The Oregon Ducks don’t expect to have a healthy Bralon Addison this season. The wide receiver has completely different expectations.
Addison, who tore an ACL in his left knee during spring practice, expects to be back on the field and contributing by September.
“His goal is Michigan State,” Oregon quarterback Marcus Mariota told SI.com.
The Michigan State contest is set for Sept. 6 at Autzen Stadium and occurs less than six months after Addison suffered the injury. It would be a remarkable recovery for any athlete, but he’s already impressed his teammates during his rehabilitation.
“He looks good,” Mariota said. “I’m excited. Hopefully he gets ready for that second game.”
If — and we’re stressing IF — Addison returns for Michigan State, he would only miss one game against the South Dakota Coyotes.
Until Addison is cleared by the doctors, the Ducks have to replace their leading-returning receiver. Last season, Addison caught 61 passes for 890 yards. Without Addison in the lineup, the Ducks have very little experience at wide receiver. Senior Keanon Lowe then becomes the Ducks’ top target by default. Lowe finished sixth on the team last season with 233 receiving yards. Dwayne Stanford and Darren Carrington are expected to start alongside Lowe. Tight end Pharoah Brown should be expected to be a much bigger part of the offense this season, particularly until Addison is ready to contribute.
And Addison may be able to contribute sooner rather than later.
Oregon’s offense used to be compared to a video game offense, but nobody is making those comparisons this spring in Eugene.
“It’s not as easy as you might think,” senior receiver Keanon Lowe said after the first practice of spring, per The Oregonian. “It’s not like a video game where you can plug and play.”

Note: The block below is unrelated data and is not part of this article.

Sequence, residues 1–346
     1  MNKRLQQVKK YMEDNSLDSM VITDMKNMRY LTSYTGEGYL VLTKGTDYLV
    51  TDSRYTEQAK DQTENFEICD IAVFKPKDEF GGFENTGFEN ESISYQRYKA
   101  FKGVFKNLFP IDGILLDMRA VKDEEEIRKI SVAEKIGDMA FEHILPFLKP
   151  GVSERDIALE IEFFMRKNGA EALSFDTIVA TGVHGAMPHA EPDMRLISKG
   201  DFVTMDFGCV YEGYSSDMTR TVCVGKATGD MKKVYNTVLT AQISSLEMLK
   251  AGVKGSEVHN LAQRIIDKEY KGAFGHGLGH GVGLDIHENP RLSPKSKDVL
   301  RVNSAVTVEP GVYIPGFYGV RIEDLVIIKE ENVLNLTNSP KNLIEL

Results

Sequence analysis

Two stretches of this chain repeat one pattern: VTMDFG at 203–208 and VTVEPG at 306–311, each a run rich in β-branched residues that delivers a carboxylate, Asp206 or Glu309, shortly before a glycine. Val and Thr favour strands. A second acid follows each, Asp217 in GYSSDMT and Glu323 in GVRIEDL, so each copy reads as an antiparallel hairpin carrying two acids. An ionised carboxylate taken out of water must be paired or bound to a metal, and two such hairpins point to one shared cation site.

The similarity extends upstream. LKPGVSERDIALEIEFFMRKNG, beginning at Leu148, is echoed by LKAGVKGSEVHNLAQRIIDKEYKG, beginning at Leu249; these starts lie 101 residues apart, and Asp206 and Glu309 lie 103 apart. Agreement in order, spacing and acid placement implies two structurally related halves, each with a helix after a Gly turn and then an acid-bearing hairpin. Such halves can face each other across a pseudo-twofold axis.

Don’t get caught off guard. Oregon’s offensive numbers did not fall off a giant cliff last season after losing Chip Kelly to the NFL and seeing Mark Helfrich step in as head coach, but the Ducks lost twice last season and were reduced to playing in a non-BCS bowl for the first time since the 2008 season. The pedigree of the program took a minor hit but it will not take much to strike back in Helfrich’s second season at the helm. This spring Helfrich is coaching a team is focusing on stepping things up from a competition standpoint, perhaps preparing the Ducks for a fight back to the top of the Pac 12 in 2014.
“I’m really really excited about the competitive nature of how things are going,” Helfrich said. “Execution is up and down in every phase but I think the effort and the communication, our competitiveness, is really good.”
One of the positives going for Oregon this spring is continuity. As The Oregonian notes, only four new players are practicing with the team this spring, which means most players practicing now are already on the same page, although there is still a learning curve for some players.
“We’ve still got some of the young guys were doing a couple more drills that they’ve never done before,” Helfrich said. “You see some heads spinning, and one guy running one way and 105 going the other way so there’s a little less of that but we’re starting to learn how to practice.”
Oregon has the look of a team that could easily begin the season ranked in the top ten of the polls, and with quarterback Marcus Mariota back in the fold the Ducks should have an offense that will be difficult to slow down once again in the fall.